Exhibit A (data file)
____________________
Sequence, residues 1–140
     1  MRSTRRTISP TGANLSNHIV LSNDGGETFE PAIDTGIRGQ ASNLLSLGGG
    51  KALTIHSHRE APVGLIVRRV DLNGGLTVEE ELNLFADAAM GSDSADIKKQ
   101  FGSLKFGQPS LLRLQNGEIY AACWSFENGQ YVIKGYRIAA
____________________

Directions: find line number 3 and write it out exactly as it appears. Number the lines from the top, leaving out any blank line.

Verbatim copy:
    51  KALTIHSHRE APVGLIVRRV DLNGGLTVEE ELNLFADAAM GSDSADIKKQ